Small Business Banking: Antique Americana Fueled by FinTech
May 23, 2016
Poking around the rusty tools of a farm auction might be the last place you’d expect to find financial apps. But don’t be fooled. The scruffy guy with the country accent didn’t just bring his cousin and his pickup truck. He also brought his smartphone loaded with apps to find value on every item in the barnyard and his mobile banking app to see how high he can bid.
American History for Sale
If you follow Mike and Frank on American Pickers and the craze for “rusty gold,” vintage petroliana and advertising, you also know the Texaco sign rusting in the back field is worth thousands. Auto industry advertising is one of the hottest sectors of the vintage and collectors’ market. Morphy Auctions’ of Pennsylvania hit $4.4 million in sales at its recent petroliana and automobilia auction.
Philip & I have a passion for this business and like most antique store owners our business centers on the stories we get to share with collectors who visit our shop from all over the country. Because we love what we do it’s easy to infuse the store with that passion.
The financial aspects of running an antique business, on the other hand, are less simple. But as anyone who’s followed their small business dream knows, this is where the rubber really hits the road.
Decisions Run on Data
Like many small businesses, we’re in perpetual “should we stay or should we go” mode. No small business owner is lacking in passion, but this can be a bad thing if it keeps you from facing financial realities.
According to the Association of Resale Professionals, while many businesses close their doors every day, the resale business remains healthy and continues to be one of the fastest growing segments of retail. Resale has also become “destination shopping,” which is the kind of unique experience our shop strives to provide.
We could always go back to selling antiques online, but we love having a storefront. It gives us the opportunity to hear everyone’s story and connect in a way that we truly enjoy. It’s a gathering place for people who share our passion for cool, old stuff. It’s rewarding to have a team of enthusiastic employees. We love the design and display aspects of showing off particularly unique finds. It feels like our mission to rescue these items and give them new life. The storefront is like an extension of our living space where we host an annual Holiday Open House, which has become a holiday tradition.
We had a vision for the store in our mind, and now it exists in all it’s funky, vintage glory. But how do we decide that having an antique store is still the best business plan?
Here are three important questions for tracking and forecasting our small business success.
1. What tech do we need?
One of the best parts of owning a small business is meeting and supporting other local business owners. We patronize each other’s shops as often as possible since it’s the perfect excuse to visit places like Purple Cow Ice Cream Cafe!
When local business owners like Becky from Purple Cow come in our shop, what do we inevitably end up talking about? You got it, banking and financial apps. Whether it’s credit card processing, online sales or Facebook ads, we’re all hungry to know who’s using what and how it’s working. Finding the best tools for managing money is important whether you’re selling milkshakes or motor oil.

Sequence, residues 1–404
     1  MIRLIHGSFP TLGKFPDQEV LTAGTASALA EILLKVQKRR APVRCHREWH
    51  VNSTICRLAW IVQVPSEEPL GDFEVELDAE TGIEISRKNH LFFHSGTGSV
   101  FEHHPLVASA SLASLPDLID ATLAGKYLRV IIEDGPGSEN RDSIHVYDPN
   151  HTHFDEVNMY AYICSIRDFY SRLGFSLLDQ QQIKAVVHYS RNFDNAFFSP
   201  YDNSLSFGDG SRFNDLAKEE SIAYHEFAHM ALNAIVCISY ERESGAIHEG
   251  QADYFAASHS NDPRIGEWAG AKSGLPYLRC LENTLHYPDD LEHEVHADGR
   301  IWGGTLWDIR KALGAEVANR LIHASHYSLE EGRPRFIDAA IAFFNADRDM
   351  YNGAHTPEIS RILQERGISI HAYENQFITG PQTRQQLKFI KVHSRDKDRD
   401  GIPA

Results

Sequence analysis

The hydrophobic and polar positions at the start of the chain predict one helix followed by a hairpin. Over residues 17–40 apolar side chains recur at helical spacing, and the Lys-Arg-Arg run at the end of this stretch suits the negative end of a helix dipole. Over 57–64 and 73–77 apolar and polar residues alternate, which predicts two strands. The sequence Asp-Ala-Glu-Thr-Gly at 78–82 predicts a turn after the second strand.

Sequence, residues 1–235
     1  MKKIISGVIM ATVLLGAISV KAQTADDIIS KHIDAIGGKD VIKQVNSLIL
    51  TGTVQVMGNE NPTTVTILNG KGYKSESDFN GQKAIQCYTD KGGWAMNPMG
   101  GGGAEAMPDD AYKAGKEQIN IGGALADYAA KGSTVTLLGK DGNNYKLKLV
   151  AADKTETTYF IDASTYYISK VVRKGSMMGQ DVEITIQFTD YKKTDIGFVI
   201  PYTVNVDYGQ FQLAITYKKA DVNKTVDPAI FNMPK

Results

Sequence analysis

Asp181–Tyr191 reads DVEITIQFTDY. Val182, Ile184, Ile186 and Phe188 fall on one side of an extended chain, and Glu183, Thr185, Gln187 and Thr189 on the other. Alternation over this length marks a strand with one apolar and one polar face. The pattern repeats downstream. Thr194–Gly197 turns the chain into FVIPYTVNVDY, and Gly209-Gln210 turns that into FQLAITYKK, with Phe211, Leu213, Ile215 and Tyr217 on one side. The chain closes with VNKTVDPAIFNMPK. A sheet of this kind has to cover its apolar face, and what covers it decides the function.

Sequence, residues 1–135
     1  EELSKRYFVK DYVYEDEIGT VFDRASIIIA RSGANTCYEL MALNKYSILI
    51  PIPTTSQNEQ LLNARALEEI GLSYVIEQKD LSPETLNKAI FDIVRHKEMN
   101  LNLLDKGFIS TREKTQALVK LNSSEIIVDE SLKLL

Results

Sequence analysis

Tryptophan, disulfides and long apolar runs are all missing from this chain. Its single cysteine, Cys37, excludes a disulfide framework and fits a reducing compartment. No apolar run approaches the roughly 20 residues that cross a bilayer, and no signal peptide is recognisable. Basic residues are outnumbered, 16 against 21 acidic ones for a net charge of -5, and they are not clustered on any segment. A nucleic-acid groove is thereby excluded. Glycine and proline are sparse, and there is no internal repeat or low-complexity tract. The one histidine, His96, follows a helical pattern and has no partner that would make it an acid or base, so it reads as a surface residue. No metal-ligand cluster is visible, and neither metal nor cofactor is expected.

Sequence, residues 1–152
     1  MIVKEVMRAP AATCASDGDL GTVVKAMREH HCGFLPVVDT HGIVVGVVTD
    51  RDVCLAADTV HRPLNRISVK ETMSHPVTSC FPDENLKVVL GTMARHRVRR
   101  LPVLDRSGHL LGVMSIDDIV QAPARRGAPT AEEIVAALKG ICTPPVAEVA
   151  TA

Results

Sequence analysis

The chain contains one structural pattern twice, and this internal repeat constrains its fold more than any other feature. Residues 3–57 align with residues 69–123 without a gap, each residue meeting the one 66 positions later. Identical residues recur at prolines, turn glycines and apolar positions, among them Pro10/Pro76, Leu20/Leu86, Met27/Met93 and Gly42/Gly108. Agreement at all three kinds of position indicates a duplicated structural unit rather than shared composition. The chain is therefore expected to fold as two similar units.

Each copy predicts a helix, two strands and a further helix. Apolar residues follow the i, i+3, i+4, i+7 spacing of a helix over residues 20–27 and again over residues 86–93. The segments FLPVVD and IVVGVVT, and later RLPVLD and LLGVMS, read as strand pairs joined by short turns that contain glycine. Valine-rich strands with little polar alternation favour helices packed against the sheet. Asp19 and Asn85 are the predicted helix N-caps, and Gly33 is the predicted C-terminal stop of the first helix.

2. What’s coming in and what’s going out?
We use a few different apps such as Square payments and our credit union’s mobile app to monitor our cash flow to see what’s going in and coming out.
We watch cash flow daily and view the mobile reports often to see how the week or month is shaping up. We also look at the historical reports and compare, for example, sales from the same month last year to get a sense of whether our sales trends are typical or in an unusual slump that needs attention.
Since we’re watching cash flow constantly, apps are particularly important whether we’re at auctions and shows or out cruising the back roads for interesting finds. It’s encouraging to hear the “ding!” of a payment notification when we’re in the car deciding how much to spend at the next stop.
3. How much can we spend?
Tracking cash flow and sales trends helps us forecast and budget. We can easily anticipate overhead expenses such as rent, utilities and payroll. These are the “must pay” essentials we know about, but making decisions about variable expenses requires tracking and analyzing income from store sales, website sales and Instagram and Facebook sales.
Can we afford to make the trip to Bouckville, New York, in June for the annual Petroliana Fest? We need to take into account how sales went for April and May to gauge our available cash for travel expenses and buying new inventory at the show.
Facebook ads can be affordable, but they add up over the weeks. We made the $400 commitment to advertise in the annual “Sunday Driver” antique guide and map. But can we also afford to get in the July issue of “What to Do and See in the Shenandoah Valley” guide?
On promotional items?
We’ve added a new “ANTIQUES!” banner by the road this month and attached a large logo banner on the front of the store, but after more than three years in business, we’re still holding off on the big investment of a “real” metal sign for the storefront.
Read the Signs
Part of the excitement of running a small business is the personal challenge of making it work. We don’t expect to get rich, but there is satisfaction in creating a business based on what we love. Driving the back roads of Virginia and discovering awesome “junk” is how we’d be spending our weekends anyway.
Our goal is to sustain a successful business not just for our enjoyment, but also for potential retirement income. Even after three years in business, the decision-making process is ongoing. We continually monitor and pay attention to the financial signs that indicate whether we’re on the road to success.